A Plant-Based Diet vs. An Ayurvedic Diet

A plant-based diet is becoming a larger part of the health world. We will go over a plant-based diet and discuss how it’s similar and different to Ayurveda. With a plant-based diet, also sometimes called a whole-foods diet, you follow these principles:

  1. Vegetables, fruits, whole grains, legumes, seeds, nuts, and healthy oils make up the majority of what you eat.

  2. Meat, fish, poultry, and other animal products are allowed, but they typically are eaten infrequently and in smaller portions.

  3. Processed foods, refined grain, and sugars are avoided.

  4. Food quality matters: locally sources, organic, non-genetically modified (non-GMO) foods are preferred.

A plant-based diet typically includes:

  1. Fruits: Bananas, berries, citrus fruits, peaches, pears, pineapple, etc.

  2. Healthy fats: Avocados, coconut oil, olives, olive oil, etc.

  3. Legumes: Black beans, chickpeas, lentils, peas, etc.

  4. Non-sugary condiments: Mustard, nutritional yeast, salsa, soy sauce, vinegars, etc.

  5. Nuts, nut butters, and seeds: Almonds, cashews, macadamia nuts, natural peanut butter, pumpkin seeds, sunflower seeds, tahini, etc.

  6. Plant-based proteins: Legume protein (e.g., black beans), tofu, tempeh, etc.

  7. Spices, herbs, and seasonings: Basil, black pepper, mint, rosemary, salt, thyme, and turmeric, etc.

  8. Unsweetened plant-based milks: Nut milks such as almond milk or cashew, coconut milk, etc.

  9. Vegetables: Asparagus, butternut squash, broccoli, cauliflower, carrots, kale, lettuces, peppers, potatoes, tomatoes, yams, etc.

  10. Whole grains: Barley, brown rice, farro, quinoa, rolled oats, etc.

  11. Some alcoholic beverages in moderation; typically those that don’t contain added sugar and aren’t mixed with other sweetened beverages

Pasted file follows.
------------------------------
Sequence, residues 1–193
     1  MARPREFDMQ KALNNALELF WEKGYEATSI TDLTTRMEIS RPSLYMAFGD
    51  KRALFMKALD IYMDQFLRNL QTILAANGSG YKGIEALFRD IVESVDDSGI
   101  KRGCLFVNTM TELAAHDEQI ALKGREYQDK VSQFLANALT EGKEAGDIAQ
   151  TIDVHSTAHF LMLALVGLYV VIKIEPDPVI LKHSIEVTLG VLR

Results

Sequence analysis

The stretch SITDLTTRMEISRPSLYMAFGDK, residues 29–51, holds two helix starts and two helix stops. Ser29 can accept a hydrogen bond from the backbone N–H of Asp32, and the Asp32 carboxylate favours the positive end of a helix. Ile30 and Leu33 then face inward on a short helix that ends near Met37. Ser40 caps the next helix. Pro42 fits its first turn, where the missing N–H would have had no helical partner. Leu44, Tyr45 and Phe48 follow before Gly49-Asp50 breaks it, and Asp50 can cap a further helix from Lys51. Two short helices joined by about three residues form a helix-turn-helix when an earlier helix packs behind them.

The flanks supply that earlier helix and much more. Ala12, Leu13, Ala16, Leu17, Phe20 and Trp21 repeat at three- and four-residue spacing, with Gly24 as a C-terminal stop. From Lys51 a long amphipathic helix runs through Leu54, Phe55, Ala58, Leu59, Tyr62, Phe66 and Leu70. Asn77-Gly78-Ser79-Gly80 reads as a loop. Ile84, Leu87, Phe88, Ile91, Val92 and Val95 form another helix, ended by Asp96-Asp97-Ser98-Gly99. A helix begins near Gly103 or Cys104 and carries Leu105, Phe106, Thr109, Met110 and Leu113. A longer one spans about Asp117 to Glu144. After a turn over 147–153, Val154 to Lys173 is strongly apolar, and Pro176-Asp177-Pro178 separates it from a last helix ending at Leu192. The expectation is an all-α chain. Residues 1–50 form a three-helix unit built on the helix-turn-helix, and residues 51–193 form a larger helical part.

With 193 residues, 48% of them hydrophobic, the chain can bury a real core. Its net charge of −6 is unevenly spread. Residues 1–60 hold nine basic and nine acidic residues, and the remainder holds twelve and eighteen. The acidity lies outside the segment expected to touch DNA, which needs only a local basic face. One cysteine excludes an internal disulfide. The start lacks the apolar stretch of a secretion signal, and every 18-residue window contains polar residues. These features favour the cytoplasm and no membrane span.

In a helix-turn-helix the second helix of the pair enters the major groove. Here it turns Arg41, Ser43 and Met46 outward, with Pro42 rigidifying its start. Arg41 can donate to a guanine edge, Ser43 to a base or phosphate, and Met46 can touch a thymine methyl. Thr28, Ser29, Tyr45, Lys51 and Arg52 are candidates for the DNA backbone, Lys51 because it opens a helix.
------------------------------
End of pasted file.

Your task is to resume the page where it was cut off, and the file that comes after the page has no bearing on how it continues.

12. Still water

  13. Unsweetened sparkling water

  14. Unsweetened teas

  15. Coffee

We like a plant-based diet as it also favors getting your food products from good sources. When meat is supplemented into the diet it tends to be with high-quality products such as:

  1. Free-range, organic chicken

  2. Organic dairy products from pasture-raised animals

  3. Pasture-raised eggs

  4. Pastured-raised or grass-fed beef or pork

  5. Raw honey

  6. Wild-caught, sustainable seafood

Ayurveda is similar to a plant based diet in many ways from the local, organic, and well-sourced foods to eating non-processed foods and drinks. Today, Ayurveda is mostly plant-based, where it focuses mostly on a vegetarian diet with some meats depending on your constitution. Ayurveda is a complex system, so it can’t be summed up so quickly with a food list like a plant-based diet. Here are a few ways it’s different from a plant-based diet:

  1. Ayurveda focuses on aligning with the seasons and eating seasonally. This means the same foods and drinks are not eaten all year long. Each season asks for different nutrients and energetics.

  2. In Ayurveda food, lifestyle, and herbs are tailored to each individual. It’s not just about food. It takes the whole body and mind together.

  3. Ayurveda cannot give a general “food list”. Food lists change in Ayurveda depending on your cycle of gut healing, your dosha (body and mind constitution), and the seasons.

  4. Ayurveda can be used with a vegan, vegetarian, light meat eating, or a gluten-free diet.

  5. Ayurveda is also a lifestyle change that uses exercise, sleep, herbs, spices, daily routines, foods, and massages to heal the body. In Ayurveda, though food is the primary access point to healing the gut, it is not just a food plan.

Overall, due to some of the complexity of Ayurveda it can be confusing to a beginner. It is also extremely beneficial to work with an Ayurvedic Practitioner, which not all people can afford or have the time to do. This is we think a plant-based diet can be a good way to start to become aware of the source and quality of your food. It can be good especially if you’re starting out on a healthier lifestyle.

However, Ayurveda works to take this idea a step further and tailor it to each individual to help optimize energy, gut health, and any chronic or acute illness. In Ayurveda, one size does not fit all and one food doesn’t work all year round. Ayurveda works to align each individual with nature and liberate the Self.

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